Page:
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Elizabeth Cady Stanton, photograph by H. Rocher, n.d.

Elizabeth Cady Stanton, president of the National Woman Suffrage Association, was one of the organizers of the first women’s rights convention at Seneca Falls, New York, in 1848. She died in 1902, 18 years before women achieved the right to vote.

Prints and Photographs Division, Library of Congress

Elizabeth Cady Stanton, photograph by H. Rocher, n.d.

The Nineteenth Amendment

The movement to ensure federal voting rights for women began in the 1840s and culminated, after decades of struggle by generations of suffragists, with ratification of the Nineteenth Amendment in 1920.  Eclipsed by the Civil War, the woman suffrage effort intensified after the Fourteenth and Fifteenth Amendments were interpreted to apply only to men. Supporters of woman suffrage pursued diverse strategies until Congress passed a resolution for a constitutional amendment in 1919 and the states ratified it the following year.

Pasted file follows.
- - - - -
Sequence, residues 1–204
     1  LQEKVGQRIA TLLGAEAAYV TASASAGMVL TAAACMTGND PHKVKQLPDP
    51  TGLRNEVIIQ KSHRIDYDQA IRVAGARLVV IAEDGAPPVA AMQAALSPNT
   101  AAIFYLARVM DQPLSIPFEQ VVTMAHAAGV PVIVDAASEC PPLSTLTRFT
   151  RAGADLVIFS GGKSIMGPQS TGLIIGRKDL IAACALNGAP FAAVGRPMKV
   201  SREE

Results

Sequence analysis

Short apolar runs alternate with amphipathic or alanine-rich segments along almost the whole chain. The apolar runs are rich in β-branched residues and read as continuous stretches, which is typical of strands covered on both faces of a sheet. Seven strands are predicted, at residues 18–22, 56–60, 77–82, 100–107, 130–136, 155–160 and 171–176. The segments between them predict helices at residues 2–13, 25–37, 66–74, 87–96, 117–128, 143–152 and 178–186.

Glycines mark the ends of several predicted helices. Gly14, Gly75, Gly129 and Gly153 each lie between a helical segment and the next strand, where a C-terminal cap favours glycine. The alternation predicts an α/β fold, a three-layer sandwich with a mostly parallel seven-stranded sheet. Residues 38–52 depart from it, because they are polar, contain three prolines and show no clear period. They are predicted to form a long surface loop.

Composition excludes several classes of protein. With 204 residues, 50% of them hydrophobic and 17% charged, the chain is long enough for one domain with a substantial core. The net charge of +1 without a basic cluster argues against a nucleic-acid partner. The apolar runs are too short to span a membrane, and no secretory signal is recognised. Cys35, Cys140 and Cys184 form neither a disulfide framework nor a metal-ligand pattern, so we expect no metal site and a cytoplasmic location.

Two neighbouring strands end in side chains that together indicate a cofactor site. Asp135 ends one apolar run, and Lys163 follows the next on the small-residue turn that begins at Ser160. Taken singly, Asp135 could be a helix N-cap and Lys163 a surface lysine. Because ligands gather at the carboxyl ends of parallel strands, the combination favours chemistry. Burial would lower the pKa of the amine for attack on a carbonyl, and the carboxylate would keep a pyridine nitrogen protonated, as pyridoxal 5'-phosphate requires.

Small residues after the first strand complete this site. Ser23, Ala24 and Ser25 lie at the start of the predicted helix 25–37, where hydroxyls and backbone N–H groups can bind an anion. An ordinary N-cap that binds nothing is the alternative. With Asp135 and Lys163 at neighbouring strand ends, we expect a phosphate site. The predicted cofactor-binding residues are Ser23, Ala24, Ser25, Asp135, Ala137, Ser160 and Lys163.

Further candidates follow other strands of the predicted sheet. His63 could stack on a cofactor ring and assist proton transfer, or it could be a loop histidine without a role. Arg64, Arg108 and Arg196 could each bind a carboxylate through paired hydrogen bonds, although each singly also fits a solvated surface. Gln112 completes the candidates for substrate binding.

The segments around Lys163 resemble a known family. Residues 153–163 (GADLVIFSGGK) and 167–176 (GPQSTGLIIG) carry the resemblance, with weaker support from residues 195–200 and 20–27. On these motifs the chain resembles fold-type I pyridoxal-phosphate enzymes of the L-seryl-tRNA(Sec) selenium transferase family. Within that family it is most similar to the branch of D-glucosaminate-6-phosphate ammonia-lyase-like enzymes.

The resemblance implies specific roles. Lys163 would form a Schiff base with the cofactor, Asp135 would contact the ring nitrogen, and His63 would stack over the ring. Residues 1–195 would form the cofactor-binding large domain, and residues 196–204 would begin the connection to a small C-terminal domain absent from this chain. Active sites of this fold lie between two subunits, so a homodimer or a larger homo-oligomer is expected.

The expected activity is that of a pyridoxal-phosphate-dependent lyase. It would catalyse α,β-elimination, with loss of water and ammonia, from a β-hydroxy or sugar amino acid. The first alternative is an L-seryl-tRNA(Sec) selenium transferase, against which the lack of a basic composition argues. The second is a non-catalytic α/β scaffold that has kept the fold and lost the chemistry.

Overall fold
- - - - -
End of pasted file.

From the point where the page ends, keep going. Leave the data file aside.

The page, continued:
The right of citizens of the United States to vote shall not be denied or abridged by the United States or by any state on account of sex.

Nineteenth Amendment of the United States Constitution